Key Biscayne Mayor Mike Davey agreed to pay a $1,500 civil penalty for what he said was a botched donation to a charity at the end of his 2018 campaign, according to a consent decree with the Florida Elections Commission accepted Aug. 31.
Davey defeated Luis de la Cruz for Mayor in 2018. When the campaign ended, Davey said he sent a check to the Born Free Pet Shelter to dispose of the leftover campaign funds, and filed a report with the state. When he ran for re-election in 2020, he said the bank told him he could reactivate his old account, instead of opening a new account as required by law. And he found out that the earlier donation never made it to the pet shelter.
“I screwed up,” Davey said. He estimated the amount involved to be less than $1,100. The agreement to pay the penalty is not a legal admission according to the settlement, however.
The complaint was filed by Inbal Horovitz, a frequent critic of the mayor. Her attorney, David Winker, issued a statement saying, “We need to change the culture in the village to one of compliance, rather than special rules for special people.”
As for the donation, Davey made sure that when the 2020 campaign ended, the pet shelter got the donation. “It was a certified check,” he said. The Commission’s order indicated that the donation had been made in 2020.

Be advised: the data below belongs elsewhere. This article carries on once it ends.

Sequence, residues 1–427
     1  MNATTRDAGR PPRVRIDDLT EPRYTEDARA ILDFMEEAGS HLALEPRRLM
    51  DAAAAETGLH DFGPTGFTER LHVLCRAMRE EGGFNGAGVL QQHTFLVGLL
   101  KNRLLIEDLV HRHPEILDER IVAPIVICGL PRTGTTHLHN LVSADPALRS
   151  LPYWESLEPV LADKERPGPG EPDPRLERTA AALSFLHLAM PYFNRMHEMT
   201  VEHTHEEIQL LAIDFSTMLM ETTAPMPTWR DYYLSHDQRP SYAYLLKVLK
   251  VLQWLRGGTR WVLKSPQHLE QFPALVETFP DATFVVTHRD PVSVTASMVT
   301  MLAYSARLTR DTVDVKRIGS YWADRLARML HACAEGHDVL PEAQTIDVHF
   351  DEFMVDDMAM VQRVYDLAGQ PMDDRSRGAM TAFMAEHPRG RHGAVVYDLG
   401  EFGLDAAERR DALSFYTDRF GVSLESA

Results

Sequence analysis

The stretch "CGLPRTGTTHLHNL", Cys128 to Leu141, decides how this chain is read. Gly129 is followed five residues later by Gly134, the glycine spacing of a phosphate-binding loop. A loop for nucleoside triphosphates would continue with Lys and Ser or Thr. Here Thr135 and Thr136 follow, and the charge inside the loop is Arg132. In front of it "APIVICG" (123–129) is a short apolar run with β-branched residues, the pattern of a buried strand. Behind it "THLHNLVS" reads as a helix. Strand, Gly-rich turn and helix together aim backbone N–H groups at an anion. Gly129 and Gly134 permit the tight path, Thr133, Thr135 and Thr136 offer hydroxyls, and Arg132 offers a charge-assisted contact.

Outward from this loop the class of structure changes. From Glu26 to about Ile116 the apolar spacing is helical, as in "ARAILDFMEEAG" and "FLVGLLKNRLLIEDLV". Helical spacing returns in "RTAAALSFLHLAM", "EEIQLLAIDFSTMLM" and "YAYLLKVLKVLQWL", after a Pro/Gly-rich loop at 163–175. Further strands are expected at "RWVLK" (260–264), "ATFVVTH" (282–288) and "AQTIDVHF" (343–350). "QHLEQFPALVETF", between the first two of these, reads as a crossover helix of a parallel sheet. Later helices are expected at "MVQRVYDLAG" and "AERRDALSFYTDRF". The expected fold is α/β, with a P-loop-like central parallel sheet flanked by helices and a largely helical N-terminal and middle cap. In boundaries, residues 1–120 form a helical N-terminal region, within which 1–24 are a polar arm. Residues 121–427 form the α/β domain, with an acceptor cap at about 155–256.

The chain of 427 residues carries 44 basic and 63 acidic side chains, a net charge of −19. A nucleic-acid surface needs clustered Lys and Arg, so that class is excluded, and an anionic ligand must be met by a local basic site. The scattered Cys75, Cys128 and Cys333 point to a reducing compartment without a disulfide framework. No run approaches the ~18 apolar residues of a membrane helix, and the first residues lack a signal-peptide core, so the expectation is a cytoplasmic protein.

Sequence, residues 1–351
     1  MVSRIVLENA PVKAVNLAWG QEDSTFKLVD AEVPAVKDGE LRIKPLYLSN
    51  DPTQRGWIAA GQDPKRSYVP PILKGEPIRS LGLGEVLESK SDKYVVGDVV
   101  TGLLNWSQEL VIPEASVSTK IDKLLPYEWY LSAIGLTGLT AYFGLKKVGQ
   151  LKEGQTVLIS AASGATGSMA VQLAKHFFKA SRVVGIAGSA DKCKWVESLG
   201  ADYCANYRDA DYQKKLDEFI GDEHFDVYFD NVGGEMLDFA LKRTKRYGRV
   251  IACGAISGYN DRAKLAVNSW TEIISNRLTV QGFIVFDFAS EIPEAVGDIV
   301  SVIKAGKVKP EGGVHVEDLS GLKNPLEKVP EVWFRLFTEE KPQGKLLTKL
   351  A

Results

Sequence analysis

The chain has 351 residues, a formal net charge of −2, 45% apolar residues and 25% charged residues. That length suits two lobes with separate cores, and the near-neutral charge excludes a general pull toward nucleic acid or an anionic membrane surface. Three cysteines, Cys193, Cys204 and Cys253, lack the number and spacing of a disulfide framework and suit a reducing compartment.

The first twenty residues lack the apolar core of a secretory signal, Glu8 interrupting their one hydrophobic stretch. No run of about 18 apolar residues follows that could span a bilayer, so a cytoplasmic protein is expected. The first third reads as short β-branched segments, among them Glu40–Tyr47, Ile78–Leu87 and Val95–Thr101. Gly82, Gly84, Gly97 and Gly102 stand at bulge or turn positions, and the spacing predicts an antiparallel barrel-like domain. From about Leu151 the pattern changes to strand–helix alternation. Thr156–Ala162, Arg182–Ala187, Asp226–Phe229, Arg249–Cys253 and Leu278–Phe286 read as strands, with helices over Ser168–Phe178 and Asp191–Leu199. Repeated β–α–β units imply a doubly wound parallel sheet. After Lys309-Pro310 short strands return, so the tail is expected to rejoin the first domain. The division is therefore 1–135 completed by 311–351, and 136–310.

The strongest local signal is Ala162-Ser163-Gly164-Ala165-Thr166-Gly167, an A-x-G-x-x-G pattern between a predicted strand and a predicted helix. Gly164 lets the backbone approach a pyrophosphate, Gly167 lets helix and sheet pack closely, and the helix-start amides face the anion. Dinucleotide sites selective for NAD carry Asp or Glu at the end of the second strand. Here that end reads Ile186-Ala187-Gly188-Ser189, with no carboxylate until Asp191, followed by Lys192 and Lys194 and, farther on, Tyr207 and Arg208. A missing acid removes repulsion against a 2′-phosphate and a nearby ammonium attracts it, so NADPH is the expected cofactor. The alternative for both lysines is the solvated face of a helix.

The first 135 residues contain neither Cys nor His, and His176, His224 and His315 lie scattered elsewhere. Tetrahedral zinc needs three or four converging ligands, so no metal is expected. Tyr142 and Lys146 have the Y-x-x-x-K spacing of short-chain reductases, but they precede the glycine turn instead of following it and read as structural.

Davey was re-elected without opposition in 2020, but Gustavo Tellez filed a complaint against the Village, saying candidates who may have wanted to challenge Davey were thwarted because of what he contended was incorrect information from the Village Clerk’s office about election deadlines.
Winker, who is representing Tellez in a separate action to invalidate a $100 million resilience bond, said Tellez’ election claim was still pending. On the resilience bond case, Tellez has asked the court for a rehearing, and that motion is also still pending.
Tony Winton is the editor-in-chief of the Key Biscayne Independent and president of Miami Fourth Estate, Inc. He worked previously at The Associated Press for three decades winning multiple Edward R. Murrow awards. He was president of the News Media Guild, a journalism union, for 10 years. Born in Chicago, he is a graduate of Columbia University. His interests are photography and technology, sailing, cooking, and science fiction.